Books covered the floor because they were free. We were free to borrow as many books as we wanted from the library.

The little brother did not think he was free though. All he wanted to do was get out and disassemble big brother's train tracks.

Emeth requested that I draw a picture of our family. So I did. And I drew myself in a red skirt. As I was drawing, he exclaimed: "WHAT'S THAT?!"

I am grateful for the freedom to wear pants every day for the past two years.
Because mommy needs to run after you, darling.

Emeth is free to scribble. To his heart's content. On clean and smooth pieces of paper (he doesn't mind the letters on the other side). The drawings themselves are free in all kinds of ways. Our family can be without bodies, yet we're still holding hands. We can be armless, but we are always smiling.

Pictures, pictures everywhere! On the refrigerator. On the door. On the floor. Aren't they grand?

I am free to have a cup of coffee. At eight o'clock in the morning. Or in the case of today, eight o'clock at night.

I am free to buy mangoes. A dozen of them, in fact.

Whenever I peel one of these, I think of Ma. I've tried different ways of stripping the flesh off the seed, but I found that Ma's way was the best after all.

During mango season, my sisters and I would eagerly wait at the dinner table as she peeled fruits picked from our yard. Every mango was perfect. We especially liked loved the sour ones, young and crunchy. (I'm salivating just thinking about them) We dipped them in sugar and soy sauce. Or fish sauce. Or just salt. We loved salt.

I am free to wear white shoes. So what if they are ridiculous and impractical? Emeth steps on my feet all the time. And I somehow manage to roll Yohanan's stroller over my feet a lot. But these are washable, and if I need to -- there is always bleach.

Emeth and I were watching the BBC news report about the drought in northeastern Africa. I was not sure how he would react to the images of children with sad, sunken eyes in the Kenyan refugee camp. Afterward, Emeth kept squishing Hanan's arm and saying, "Hanan is so chubby, Mommy! Hanan is so chubby."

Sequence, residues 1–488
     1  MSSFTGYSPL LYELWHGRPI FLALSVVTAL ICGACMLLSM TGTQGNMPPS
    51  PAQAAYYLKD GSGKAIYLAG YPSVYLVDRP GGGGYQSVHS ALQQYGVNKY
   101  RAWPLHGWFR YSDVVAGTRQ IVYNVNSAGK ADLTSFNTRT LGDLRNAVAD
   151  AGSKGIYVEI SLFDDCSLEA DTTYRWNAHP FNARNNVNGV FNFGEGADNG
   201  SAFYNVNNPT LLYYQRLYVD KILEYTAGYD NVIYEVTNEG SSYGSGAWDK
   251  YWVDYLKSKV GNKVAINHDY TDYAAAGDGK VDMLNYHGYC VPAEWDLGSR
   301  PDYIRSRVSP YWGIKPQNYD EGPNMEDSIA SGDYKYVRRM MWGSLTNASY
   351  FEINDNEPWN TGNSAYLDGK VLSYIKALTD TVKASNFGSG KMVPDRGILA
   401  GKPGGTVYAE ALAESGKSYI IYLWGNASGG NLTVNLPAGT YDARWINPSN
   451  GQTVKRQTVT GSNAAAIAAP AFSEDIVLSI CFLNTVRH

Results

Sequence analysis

Yes, darling, you are so round and so chubby.

Tuesday, July 5, 2011

Waiting for fireworks, seeing the moon

The world was waiting for fireworks last night. Well, the world in the US of A. It was the fourth of July.

At about 9 p.m. Hans heard the faint sound of explosions from our apartment. He took the elated Emeth out of his crib and sat him on his shoulder. And off they went into the night. Within a few minutes, I heard my husband's voice beckoning me, as though I was Rapunzel. He said to come down and join them.

And so I did. I love fireworks.

It was a warm summer night with just enough breeze. There in the darkness, we watched the sky, all four of us. Well, three of us. Hanan was fast asleep on my shoulder. I was torn between standing still and dashing off to grab the camera.

But I stood still. And I'm glad I did.

Under the lights and the sparks and the grand spectacle, Emeth exclaimed: "Look at the moon! It looks like a banana!" My immediate reaction was to think, "Silly boy! The moon is there every night. Look at the fireworks! Don't you think they are so cool?"

But he was right. The moon was not outshone last night. Even next to the fireworks, it looked pretty spectacular. And to think that we get to enjoy it every night!

People make fun of parents who give the "children-in-Africa-are-starving" speech to coerce their children to eat at the dinner table.

Confession: I give those "speeches". Once in a while.

Sometimes, we talk about the children in Japan. This week, we talked about refugees in Kenya. No, not to get him to finish the food on his plate (because it would not work), but for him to learn compassion. To learn to have a grateful heart. The keyword here is "learn" because the lesson is a difficult one, for both of us.

Thankfully, I don't have to give these speeches myself, because pictures (and videos) are worth a thousand words (Thank you, Internet!). Here is one that I showed Emeth when he complained about having water in his eyes during his (clean water!) bath.

Page CXVI from Living Water International on Vimeo.

I remember the days of old when Hans and I were considering the possibility of a relationship. I was waiting for fireworks, but Hans was like the moon. Bright and steadfast.

Soul, taste and see
what is true, what is good.